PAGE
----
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Reported functional impairments of electrohypersensitive Japanese: A questionnaire survey

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An increasing number of people worldwide complain that they have become electromagnetic hypersensitive (EHS). We conducted a questionnaire survey of EHS persons in Japan. The aim was to identify electromagnetic fields (EMF) and plausible EMF sources that caused their symptoms. Postal questionnaires were distributed via a self-help group, and 75 participants (95% women) responded. Reported major complaints were "fatigue/tiredness" (85%), "headache", "concentration, memory, and thinking" difficulty (81%, respectively). Seventy-two per cent used some form of complementary/alternative therapy. The most plausible trigger of EHS onset was a mobile phone base station or personal handy-phone system (37%). Sixty-five percent experienced health problems to be due to the radiation from other passengers' mobile phones in trains or buses, and 12% reported that they could not use public transportation at all. Fifty-three percent had a job before the onset, but most had lost their work and/or experienced a decrease in income. Moreover, 85.3% had to take measures to protect themselves from EMF, such as moving to low EMF areas, or buying low EMF electric appliances. EHS persons were suffering not only from their symptoms, but also from economical and social problems.
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Pathophysiology 19 (2012) 95–100
Reported functional impairments of electrohypersensitive Japanese:
A questionnaire survey
Yasuko Katoa,, Olle Johanssonb
aVOC-EMF Measures Research Association, Sapporo, Japan
bThe Experimental Dermatology Unit, Department of Neuroscience, Karolinska Institute, Stockholm, Sweden
Received 17 November 2011; received in revised form 13 January 2012; accepted 19 February 2012
An increasing number of people worldwide complain that they have become electromagnetic hypersensitive (EHS). We conducted a
questionnaire survey of EHS persons in Japan. The aim was to identify electromagnetic fields (EMF) and plausible EMF sources that caused
their symptoms. Postal questionnaires were distributed via a self-help group, and 75 participants (95% women) responded. Reported major
complaints were “fatigue/tiredness” (85%), “headache”, “concentration, memory, and thinking” difficulty (81%, respectively). Seventy-two
per cent used some form of complementary/alternative therapy. The most plausible trigger of EHS onset was a mobile phone base station or
personal handy-phone system (37%). Sixty-five percent experienced health problems to be due to the radiation from other passengers’ mobile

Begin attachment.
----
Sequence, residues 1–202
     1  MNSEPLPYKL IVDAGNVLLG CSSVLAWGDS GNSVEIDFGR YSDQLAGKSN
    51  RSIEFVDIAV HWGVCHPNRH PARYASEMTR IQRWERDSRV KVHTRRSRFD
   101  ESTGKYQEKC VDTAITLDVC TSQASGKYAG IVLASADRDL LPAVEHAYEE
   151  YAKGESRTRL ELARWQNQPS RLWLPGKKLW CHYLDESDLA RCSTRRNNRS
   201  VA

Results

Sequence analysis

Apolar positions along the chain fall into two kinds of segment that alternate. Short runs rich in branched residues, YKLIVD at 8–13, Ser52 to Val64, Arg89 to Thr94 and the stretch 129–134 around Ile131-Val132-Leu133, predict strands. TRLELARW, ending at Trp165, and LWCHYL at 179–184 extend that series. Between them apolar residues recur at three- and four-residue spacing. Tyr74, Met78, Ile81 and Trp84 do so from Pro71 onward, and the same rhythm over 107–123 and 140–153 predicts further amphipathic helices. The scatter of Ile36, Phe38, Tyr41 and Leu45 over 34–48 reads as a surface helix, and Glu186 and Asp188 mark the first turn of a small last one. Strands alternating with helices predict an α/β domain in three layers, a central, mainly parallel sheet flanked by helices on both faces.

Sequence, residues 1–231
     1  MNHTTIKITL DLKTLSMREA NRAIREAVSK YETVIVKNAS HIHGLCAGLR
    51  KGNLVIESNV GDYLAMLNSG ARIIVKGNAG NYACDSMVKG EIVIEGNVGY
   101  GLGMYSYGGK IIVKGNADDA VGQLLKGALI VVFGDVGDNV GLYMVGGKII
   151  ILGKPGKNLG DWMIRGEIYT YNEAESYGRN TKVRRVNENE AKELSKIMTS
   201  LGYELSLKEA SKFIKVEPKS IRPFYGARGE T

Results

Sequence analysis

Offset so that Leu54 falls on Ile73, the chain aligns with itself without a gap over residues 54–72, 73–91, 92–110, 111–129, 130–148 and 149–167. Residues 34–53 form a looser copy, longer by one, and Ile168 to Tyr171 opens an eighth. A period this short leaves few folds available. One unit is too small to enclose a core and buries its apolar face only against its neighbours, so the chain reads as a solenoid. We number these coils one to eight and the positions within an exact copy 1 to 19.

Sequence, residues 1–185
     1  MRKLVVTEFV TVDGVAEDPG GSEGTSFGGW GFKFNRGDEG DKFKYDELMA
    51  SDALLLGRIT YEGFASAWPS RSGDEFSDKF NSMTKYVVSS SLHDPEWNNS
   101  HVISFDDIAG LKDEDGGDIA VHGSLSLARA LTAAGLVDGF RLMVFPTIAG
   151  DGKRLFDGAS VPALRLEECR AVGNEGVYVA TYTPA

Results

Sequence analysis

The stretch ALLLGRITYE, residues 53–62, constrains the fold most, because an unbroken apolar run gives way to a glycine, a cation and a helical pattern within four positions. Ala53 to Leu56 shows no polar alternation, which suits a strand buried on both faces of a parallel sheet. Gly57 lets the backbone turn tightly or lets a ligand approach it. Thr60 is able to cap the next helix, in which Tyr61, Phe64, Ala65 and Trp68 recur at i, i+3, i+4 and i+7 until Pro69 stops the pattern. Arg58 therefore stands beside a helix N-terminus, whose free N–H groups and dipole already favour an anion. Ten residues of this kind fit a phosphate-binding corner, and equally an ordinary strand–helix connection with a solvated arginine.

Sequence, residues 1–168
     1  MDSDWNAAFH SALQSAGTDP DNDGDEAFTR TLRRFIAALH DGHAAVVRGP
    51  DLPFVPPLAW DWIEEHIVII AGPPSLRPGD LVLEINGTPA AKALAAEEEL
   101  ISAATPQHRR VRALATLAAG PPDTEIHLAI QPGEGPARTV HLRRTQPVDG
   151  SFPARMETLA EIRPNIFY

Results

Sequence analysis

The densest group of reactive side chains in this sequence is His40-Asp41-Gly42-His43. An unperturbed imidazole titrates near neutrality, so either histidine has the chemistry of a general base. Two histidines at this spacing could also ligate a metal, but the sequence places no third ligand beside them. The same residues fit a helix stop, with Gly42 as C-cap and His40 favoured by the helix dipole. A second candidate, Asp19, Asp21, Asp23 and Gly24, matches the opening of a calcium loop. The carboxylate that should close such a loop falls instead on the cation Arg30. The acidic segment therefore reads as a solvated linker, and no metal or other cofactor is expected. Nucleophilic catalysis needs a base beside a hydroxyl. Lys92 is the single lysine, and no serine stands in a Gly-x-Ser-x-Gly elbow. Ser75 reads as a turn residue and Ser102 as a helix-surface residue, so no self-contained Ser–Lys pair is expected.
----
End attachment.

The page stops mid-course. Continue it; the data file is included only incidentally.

phones in trains or buses, and 12% reported that they could not use public transportation at all. Fifty-three percent had a job before the onset,
but most had lost their work and/or experienced a decrease in income. Moreover, 85.3% had to take measures to protect themselves from
EMF, such as moving to low EMF areas, or buying low EMF electric appliances. EHS persons were suffering not only from their symptoms,
but also from economical and social problems.
© 2012 Elsevier Ireland Ltd. All rights reserved.
Keywords: Electrohypersensitivity (EHS); Electromagnetic fields (EMF); Mobile phone base stations; Cell phones; Multiple chemical sensitivity (MCS)
1. Introduction
Use of wireless devices, such as mobile phones and WiFi,
have spread remarkably during the last few decades. They
have made life more convenient, but now many persons
complain of various symptoms attributed to exposures to
electromagnetic fields (EMF). Major symptoms include skin
irritation, neurological and cardiac problems as well as diges-
tive difficulties [1]. The World Health Organization (WHO)
officially recognizes the existence of these people and elec-
trohypersensitivity (EHS) as a new syndrome, but it denies
the causal relationship between EHS and EMF [2].
People who self-report sensitivity to EMF have been
described in western countries. In Sweden, the prevalence of
EHS was initially estimated at 1.5% [3], but another newer
Corresponding author at: VOC-EMF Measures Research Association,
471, Bankei, Chuou-ku, Sapporo, Hokkaido, 064-0945, Japan.
Tel.: +81 11 613 1984; fax: +81 11 613 1984.
E-mail address: (Y. Kato).
estimation indicates that 230,000–290,000 (2.6–3.2%) report
EMF sensitivity [4]. In Austria, the prevalence was estimated
at less than 2% in 1994, but in 2001 it had increased to 3.5%
[5]. In Switzerland, 5% of the population has been estimated
as EHS [6]. In California, the prevalence of self-reported
sensitivity to EMF was 3.2%, with 24.4% of those surveyed
reporting sensitivity to chemicals [7].